The Articles of Confederation, drafted during the independence movement in 1776-1777, became the first official regulation that increased the power of the states through the creation of a decentralized government structure (Mittal & Weingast, 2013). However, they proved to be rather weak in governing the decision-making process made by the states and the central government, which led to the development of the Constitution of 1787 (Mittal & Weingast, 2013). Despite being widely debated throughout the process of its creation and ratification, the new Constitution proved to be a more long-term solution to the problems faced by the post-revolutionary American government (Broadwater, 2012).
The Articles of Confederation vs. the New Constitution of 1787
Essentially, the strong point of the Articles was that they provided for increased freedom and independence of each state, as well as for the expanded power of the states in the decision-making process: for example, “Under the Articles of Confederation, the votes of a majority of states were required to pass routine measures” (Broadwater, 2012, p.12). The Articles gave the Confederation Congress no power to require the states to meet their obligations, which lead to the weakening of the central government and deprived it of its constitutional authority (Mittal & Weingast, 2013). Another significant drawback was that the Articles proved impossible to reform: numerous attempts for reformation were unsuccessful because it was impossible for all the states to agree on them (Mittal & Weingast, 2013). The difficulties to reach an agreement between the states affected the entire decision-making process within the country (Broadwater, 2012). For example, during the Western problem, the western lands of the country were claimed by several states at once (Broadwater, 2012). The new Constitution, on the other hand, was made to consolidate the power of Congress over the states, thus supporting the authority of the central government. According to the proponents of the Constitution, this would erase the tensions between the states and facilitate the decision-making processes in the government: “Federalists agreed that Congress should have positive powers to levy and collect taxes and to regulate foreign and interstate commerce” (Mittal & Weingast, 2013, p. 290).
Creating the Constitution
The process of drafting the constitution, on the other hand, proved to be another challenge for the states and the central government. One of the debates was linked to the increase in the power of the central government. Whereas anti-federalists argued that such power could be easily abused, the Federalists believed that “Granting the national government more power would in principle allow it to solve a wider variety of problems” (Mittal & Weingast, 2013, p. 290). A compromise was reached when the Federalists agreed to impose a distinctive set of limits on the national government’s power (Mittal & Weingast, 2013). Another debate was centered around the equal representation of states. Madison wrote that according to the new Constitution, “representation in Congress must be based on population” (Broadwater, 2013, p. 42). However, this provision meant that more populous states would have more decision-making influence in Congress, which caused an uproar among the representatives and residents of the smaller states (Broadwater, 2013). The issue was solved by Roger Sherman’s plan, which offered for the Constitution to grant a proportional representation of all of the states (Broadwater, 2013). Despite the fact that Sherman’s plan was met with skepticism at first, it eventually helped the Federalists to win the support of the smaller states and resulted in the Great Compromise, which further facilitated the approval of the Constitution (Broadwater, 2013).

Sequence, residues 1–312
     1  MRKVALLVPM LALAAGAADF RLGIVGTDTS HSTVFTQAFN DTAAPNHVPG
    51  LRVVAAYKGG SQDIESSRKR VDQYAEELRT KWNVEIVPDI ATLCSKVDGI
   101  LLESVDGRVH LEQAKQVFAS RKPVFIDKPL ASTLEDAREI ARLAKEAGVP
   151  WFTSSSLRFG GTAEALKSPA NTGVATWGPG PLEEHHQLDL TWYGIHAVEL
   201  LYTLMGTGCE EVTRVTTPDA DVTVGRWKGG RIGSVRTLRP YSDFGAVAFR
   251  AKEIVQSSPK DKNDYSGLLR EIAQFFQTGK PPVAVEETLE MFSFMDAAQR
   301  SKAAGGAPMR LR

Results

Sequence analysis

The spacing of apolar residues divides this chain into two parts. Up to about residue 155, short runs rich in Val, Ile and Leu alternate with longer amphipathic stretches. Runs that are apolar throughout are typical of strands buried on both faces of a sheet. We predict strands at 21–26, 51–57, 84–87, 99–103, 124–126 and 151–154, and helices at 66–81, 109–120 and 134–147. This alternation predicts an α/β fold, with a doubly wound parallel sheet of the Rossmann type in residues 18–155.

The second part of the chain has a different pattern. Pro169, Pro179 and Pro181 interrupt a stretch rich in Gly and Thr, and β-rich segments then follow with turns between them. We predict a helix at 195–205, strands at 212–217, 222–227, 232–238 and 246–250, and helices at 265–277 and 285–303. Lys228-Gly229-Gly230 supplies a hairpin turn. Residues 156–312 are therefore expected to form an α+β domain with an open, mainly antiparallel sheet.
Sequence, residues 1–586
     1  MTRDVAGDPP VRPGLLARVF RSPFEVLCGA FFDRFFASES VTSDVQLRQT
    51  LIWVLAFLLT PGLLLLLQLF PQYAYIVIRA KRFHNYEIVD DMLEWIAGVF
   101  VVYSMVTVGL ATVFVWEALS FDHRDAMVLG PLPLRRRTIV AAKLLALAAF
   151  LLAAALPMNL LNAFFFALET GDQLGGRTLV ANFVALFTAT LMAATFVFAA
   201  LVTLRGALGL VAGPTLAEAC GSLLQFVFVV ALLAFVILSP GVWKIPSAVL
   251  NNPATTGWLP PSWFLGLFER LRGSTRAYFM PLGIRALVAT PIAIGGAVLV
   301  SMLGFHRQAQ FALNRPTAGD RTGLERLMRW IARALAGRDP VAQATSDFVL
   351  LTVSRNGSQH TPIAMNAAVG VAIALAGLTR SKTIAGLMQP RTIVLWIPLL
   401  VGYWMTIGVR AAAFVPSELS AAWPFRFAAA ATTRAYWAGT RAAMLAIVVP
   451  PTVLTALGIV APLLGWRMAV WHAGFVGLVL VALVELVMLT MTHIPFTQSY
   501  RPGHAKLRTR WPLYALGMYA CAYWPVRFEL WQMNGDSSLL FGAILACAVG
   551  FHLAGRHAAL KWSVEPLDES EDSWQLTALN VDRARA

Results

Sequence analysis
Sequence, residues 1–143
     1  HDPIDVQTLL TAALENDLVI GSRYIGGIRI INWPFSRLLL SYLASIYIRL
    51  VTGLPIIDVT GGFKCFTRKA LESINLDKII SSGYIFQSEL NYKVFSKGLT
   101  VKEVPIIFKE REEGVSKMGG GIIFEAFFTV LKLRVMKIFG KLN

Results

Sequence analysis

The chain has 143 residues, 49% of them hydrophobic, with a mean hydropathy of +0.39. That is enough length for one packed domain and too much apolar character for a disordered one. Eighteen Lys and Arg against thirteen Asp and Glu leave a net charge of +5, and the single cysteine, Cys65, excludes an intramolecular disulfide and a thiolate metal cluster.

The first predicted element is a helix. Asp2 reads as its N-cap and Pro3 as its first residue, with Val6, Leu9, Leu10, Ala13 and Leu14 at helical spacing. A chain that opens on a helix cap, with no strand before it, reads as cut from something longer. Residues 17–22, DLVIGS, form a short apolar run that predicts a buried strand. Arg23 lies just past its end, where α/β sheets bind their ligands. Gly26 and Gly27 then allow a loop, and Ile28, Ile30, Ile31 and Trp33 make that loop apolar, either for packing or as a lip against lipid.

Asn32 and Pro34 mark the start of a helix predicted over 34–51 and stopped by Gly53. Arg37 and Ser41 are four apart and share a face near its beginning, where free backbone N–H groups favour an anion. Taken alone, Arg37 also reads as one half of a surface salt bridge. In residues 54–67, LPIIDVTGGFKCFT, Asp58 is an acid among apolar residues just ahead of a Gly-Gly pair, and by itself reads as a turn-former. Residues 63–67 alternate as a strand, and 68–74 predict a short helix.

Debate over Ratification
After the challenging process of the Constitution creation there came the time of ratification. One of the objections to the convention was the absence of Bill of rights (Hamilton, Madison, & Jay, 2016). The Federalists were afraid that the bill might interfere the religious freedom. Besides, they stated that “the Constitution is itself, in every rational sense, and to every useful purpose, A BILL OF RIGHTS” (Hamilton et al., 2016, p.268).
The Anti-federalists objected to the Constitution because of its governance structure. There was the idea that “the seat of that government must of necessity be too remote from many of the States to admit of proper knowledge on the part of the constituent, of the conduct of the representative body” (Hamilton et al., 2016, p.268). Still, the supporters of the Constitution debated such objections promising equal access to the information of the government. After months of debates, Federalists and their opponents could not get to consensus. The Constitution was ratified due to the suggestion of Governor John Hancock. At the meeting in Massachusetts, he introduced the idea of amendments which will be considered by the first session of Congress. It stimulated the voting, and the Constitution was finally ratified in all the states.
The process of Constitution formation and ratification was a challenge for American society. It was full of debates and arguments. Nevertheless, with its several amendments, it is the major law of one of the biggest countries. The years of application confirm its effectiveness in the protection of the rights of American citizens.
Broadwater, J. (2012). James Madison: A son of Virginia and a founder of the nation. Cape Hill, NC: University of North Carolina Press.
Hamilton, A., Madison, J., & Jay, J, (2016). The Federalist Papers: The making of the US Constitution. London, UK: Arcturus Holdings Limited.
Mittal, S., & Weingast, B. R. (2013). Self-enforcing constitutions: With an application to democratic stability in America’s first century. The Journal of Law, Economics, and Organization, 29(2), 278-302.